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Ultrasonic Testing in pipe extrusion
Transducer and Sound Field

Transducers in the range of 1 - 30 MHz are applied, the frequencies 1, 2, 5 and 10 MHz are the most common. Transducers for automatic testing are applied with water couplings and so-called immersion transducers. Generally, other transducer types are applied in ultrasonics, but not in the field of plastic pipe extrusions. The transducer is available in a cylindrical housing and can therefore be easily assembled into the holding devices. Diameters are approx. 10 - 25 mm with a transducer length of approx. 20 - 60 mm. Mostly they are equipped with a mould-in coaxial cable and a high frequency plug connection at the other end. The transducer itself is waterproof, the plug connection is protected against splash water only and should therefore be placed in a dry space and connected with the equipment via an extension. Some manufacturers supply transducers with plug connections on the housing, however, they cannot guarantee reliable operation over a long period.

Construction Ultrasonic transducer

The piezo element is loaded with a damping body at the rear, this generates a short pulse. The front consis of a thin protection layer. If the transducer is applied in the direct coupling method, a wear-resistant ceramic surfaces isadded.

The essential characteristics of a transducer are as follows:

Sound field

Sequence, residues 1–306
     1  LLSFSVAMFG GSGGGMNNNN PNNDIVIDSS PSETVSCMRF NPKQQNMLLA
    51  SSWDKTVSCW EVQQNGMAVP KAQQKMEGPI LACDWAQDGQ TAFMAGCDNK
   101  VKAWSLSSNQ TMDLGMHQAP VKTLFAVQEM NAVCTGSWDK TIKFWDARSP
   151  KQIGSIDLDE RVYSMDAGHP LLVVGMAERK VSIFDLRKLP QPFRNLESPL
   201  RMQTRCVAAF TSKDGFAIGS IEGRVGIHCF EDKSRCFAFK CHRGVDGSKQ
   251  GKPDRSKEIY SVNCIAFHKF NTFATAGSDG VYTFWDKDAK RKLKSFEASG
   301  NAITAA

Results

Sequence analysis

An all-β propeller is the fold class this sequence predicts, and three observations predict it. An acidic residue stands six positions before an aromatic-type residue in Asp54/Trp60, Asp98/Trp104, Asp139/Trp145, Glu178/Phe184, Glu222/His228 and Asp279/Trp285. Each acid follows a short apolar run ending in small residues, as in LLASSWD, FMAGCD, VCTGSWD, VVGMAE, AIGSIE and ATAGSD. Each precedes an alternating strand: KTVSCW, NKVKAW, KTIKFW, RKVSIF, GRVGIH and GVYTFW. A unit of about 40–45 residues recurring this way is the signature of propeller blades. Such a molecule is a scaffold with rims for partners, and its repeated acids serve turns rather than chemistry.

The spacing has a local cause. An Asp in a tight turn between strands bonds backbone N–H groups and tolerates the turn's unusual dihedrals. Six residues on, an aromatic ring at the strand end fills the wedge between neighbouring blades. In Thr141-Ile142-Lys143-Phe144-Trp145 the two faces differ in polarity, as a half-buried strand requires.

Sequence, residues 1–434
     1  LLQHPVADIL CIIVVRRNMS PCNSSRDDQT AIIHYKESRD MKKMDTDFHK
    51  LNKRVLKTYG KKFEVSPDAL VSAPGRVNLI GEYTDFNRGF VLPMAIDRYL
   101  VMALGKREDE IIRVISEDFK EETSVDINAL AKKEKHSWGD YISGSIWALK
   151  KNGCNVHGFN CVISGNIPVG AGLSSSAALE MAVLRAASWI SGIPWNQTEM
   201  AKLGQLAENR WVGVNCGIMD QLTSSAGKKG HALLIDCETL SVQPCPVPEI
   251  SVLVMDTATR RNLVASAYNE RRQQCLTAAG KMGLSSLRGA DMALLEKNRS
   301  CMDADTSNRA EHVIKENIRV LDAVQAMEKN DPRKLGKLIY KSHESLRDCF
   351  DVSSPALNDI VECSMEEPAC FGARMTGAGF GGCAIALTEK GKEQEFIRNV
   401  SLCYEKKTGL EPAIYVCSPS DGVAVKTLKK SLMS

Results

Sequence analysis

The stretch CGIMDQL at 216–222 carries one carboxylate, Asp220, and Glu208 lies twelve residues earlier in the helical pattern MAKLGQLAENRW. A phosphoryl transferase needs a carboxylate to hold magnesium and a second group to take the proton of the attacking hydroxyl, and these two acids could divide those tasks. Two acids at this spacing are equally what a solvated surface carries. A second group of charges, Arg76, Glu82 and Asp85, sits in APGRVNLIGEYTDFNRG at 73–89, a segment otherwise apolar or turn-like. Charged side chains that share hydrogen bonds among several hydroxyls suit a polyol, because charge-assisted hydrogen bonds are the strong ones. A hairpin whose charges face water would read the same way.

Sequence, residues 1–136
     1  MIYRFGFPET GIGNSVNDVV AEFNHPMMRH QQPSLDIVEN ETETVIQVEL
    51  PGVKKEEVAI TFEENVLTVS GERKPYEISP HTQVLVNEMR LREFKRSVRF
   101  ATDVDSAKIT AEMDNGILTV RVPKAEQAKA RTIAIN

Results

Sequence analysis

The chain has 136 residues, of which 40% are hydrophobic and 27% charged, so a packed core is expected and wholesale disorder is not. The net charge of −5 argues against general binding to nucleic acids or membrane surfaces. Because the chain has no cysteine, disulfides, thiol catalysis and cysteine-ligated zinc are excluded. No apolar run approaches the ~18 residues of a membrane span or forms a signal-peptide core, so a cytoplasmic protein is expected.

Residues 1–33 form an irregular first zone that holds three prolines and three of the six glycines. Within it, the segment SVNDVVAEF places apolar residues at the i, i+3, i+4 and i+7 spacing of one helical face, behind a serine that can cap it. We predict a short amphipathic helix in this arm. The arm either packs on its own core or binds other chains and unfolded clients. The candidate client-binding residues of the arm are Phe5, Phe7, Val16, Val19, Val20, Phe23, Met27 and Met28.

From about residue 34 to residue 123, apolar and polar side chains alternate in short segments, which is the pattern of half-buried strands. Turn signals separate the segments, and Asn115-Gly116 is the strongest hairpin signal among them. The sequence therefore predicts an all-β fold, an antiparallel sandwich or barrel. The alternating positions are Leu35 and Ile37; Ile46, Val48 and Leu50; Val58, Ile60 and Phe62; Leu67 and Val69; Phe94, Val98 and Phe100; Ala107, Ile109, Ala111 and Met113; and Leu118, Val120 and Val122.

The sound field of a transducer can be depicted as a standard, thus independent of piezo diameter and frequency
Frequency and Sound attenuation
Measurement of smaller wall thickness requires a high frequency in order to permit pulse separation between the interface echo and the backwall echo, to enable evaluation. For a wall thickness of 0,5 mm, 10 MHz transducers are used. For a large wall thickness a lower frequency (1 MHz) is required as the sound attenuation in plastic material is very high when high frequencies are applied. The pulse separation for large thickness is not the most important factor as the distance between the interface and the backwall echo is very large.
StoƟwelleShock wave transducer low damped transducer
Shock wave transducers should always be used for wall thickness measurement. For smaller wall thicknesses this is as important for the pulse separation as is the frequency itself. For large wall thickness the shock wave is required also for a perfect start and stop trigger of the time measurement. Low damped transducers are not recommended.
The diameter of the transducer determines the sound energy transmitted. As the received echoes, and their amplitude, are important, the transducer diameter should relate to the pipe diameter. This means the sound field has to be directed to the pipe and enter into it. Further, not only the sound field in the coupling medium has to be considered, this applies also to the sound field in the wall. Due to the pipe bending there is a slight defocusing effect.
Transducer shape
Mostly plane transducers are used. Transducers focused lengthwise are used for pipe diameters of less then 6 mm in order to concentrate the sound energy to the surface line of the pipe. Transducers with point focusing are only of importance with flaw detection when flaws smaller than 1 mm size have to be detected.

Essential for the measurement is a precise alignment of the transducer to the pipe axis. Thus the pipe is guided to remain rectangular, or the transducer is mounted in a cardan joint fixture and guided via a prism on the pipe surface.

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Rolf Diederichs 18.Dec.1995, info@ndt.net

/DB:Article /AU:Diederichs_R /IN:NDTnet /CN:DE /CT:UT /CT:transducer /CT:process /CT:plastic /ED:1996-01